Published online by Cambridge University Press: 04 April 2019
Bach's letter to Erdmann
In the fall of 1730, the forty-five-year-old St. Thomas school cantor, Johann Sebastian Bach, took up his pen in order to write a letter to his old schoolmate, Georg Erdmann, with whom he had attended school in Ohrdruf. In 1700, the two had travelled together to Luneburg, where they had both enrolled in the St. Michaelis school. Erdmann had gone on to study law, and in 1718 had become Russia's diplomatic representative in Danzig. In 1726, after a long pause, Erdmann attempted to resume contact with Bach, asking for news of his Fatalitäten, i.e., the main events of his life over the last two decades. But the St. Thomas cantor let their correspondence fall by the wayside again after just one short letter – probably on account of ‘his many activities’ that scarcely left time enough even for ‘the most necessary correspondence’ – and in 1730, Bach still owed Erdmann the news he had been asked for in 1726.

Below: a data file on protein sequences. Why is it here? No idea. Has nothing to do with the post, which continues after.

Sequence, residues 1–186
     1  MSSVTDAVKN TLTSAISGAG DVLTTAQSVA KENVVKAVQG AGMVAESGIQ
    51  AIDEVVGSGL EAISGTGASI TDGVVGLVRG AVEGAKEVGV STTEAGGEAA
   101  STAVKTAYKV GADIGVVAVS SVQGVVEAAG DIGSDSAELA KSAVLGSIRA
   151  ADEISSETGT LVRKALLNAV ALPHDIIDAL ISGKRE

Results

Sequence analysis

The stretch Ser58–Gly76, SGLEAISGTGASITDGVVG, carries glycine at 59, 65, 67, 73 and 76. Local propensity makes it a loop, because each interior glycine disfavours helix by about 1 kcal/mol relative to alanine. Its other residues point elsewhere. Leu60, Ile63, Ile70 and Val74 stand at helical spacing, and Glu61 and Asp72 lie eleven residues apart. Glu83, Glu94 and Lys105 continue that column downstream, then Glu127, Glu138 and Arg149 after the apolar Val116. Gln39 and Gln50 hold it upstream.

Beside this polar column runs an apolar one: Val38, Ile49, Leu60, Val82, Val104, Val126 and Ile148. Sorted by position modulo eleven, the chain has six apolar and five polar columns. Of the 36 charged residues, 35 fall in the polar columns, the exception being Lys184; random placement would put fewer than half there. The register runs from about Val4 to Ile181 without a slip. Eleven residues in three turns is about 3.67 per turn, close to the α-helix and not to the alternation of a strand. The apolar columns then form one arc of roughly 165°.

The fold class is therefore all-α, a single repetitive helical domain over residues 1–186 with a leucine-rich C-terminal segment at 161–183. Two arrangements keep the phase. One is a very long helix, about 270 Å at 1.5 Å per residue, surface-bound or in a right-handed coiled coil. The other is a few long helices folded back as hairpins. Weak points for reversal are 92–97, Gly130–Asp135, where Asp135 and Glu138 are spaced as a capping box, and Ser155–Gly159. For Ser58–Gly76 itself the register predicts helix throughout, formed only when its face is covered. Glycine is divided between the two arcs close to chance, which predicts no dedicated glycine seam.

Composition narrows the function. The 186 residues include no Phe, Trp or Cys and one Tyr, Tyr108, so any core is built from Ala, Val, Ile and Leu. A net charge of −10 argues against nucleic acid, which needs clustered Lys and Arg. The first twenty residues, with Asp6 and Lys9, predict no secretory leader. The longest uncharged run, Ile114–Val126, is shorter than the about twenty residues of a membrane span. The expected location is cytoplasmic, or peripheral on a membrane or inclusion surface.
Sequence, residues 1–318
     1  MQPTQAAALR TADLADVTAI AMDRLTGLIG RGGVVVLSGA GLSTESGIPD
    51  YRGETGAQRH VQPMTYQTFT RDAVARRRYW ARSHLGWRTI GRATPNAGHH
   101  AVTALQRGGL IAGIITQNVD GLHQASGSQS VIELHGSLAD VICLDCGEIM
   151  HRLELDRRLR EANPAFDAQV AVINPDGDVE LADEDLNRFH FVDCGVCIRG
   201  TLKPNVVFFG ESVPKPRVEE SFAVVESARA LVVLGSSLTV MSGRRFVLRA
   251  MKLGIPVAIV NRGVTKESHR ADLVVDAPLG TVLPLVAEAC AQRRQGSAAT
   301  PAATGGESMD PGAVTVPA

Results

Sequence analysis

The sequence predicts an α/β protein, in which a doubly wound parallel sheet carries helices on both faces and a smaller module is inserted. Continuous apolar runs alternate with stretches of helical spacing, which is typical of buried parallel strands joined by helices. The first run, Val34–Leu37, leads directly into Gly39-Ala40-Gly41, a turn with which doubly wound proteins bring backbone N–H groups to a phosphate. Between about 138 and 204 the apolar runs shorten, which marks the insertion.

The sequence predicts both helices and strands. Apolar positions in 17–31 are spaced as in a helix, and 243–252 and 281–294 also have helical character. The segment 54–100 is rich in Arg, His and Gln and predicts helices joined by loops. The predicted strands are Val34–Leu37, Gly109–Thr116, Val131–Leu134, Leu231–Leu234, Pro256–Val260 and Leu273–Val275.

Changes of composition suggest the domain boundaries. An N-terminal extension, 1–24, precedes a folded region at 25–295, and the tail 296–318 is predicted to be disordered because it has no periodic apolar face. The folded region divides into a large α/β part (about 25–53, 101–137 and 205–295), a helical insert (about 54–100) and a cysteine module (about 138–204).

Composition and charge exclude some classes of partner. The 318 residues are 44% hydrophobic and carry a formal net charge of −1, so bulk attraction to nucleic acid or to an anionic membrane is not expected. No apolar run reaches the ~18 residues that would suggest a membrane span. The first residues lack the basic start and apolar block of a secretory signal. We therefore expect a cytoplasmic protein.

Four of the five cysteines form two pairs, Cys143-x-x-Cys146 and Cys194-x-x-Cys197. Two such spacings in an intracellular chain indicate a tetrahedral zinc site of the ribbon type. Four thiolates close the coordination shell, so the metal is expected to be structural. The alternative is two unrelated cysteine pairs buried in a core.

Now, on October 28, 1730, Bach informed Erdmann that his familial situation was satisfactory. By now he had seven children from two marriages (four sons and three daughters); all of them were ‘born musicians’, with whom he could present vocal and instrumental concerts, especially because his second wife, Anna Magdalena, ‘sings a good, clear soprano’ and his eldest daughter ‘joins in not badly’. The picture Bach drew of his professional situation was, however, completely different. His former master, Prince Leopold von Anhalt-Cothen, was a prince ‘who both loved and knew music’, for which reason Bach had believed he could live out the rest of his life in Cothen. But as fate would have it, in December 1721, the regent married a totally unmusical princess from Bernburg (his second marriage), as a result of which the prince's future ‘inclination’ to music was already in danger. And because the Leipzig cantorate had been described to Bach as ‘so favorable’, and the town had in any event offered much better educational opportunities for his sons than Cothen, in the end he had moved to Leipzig, but only after much deliberation, because ‘it did not seem at all proper to me to exchange my post as capellmeister for that of a cantor’.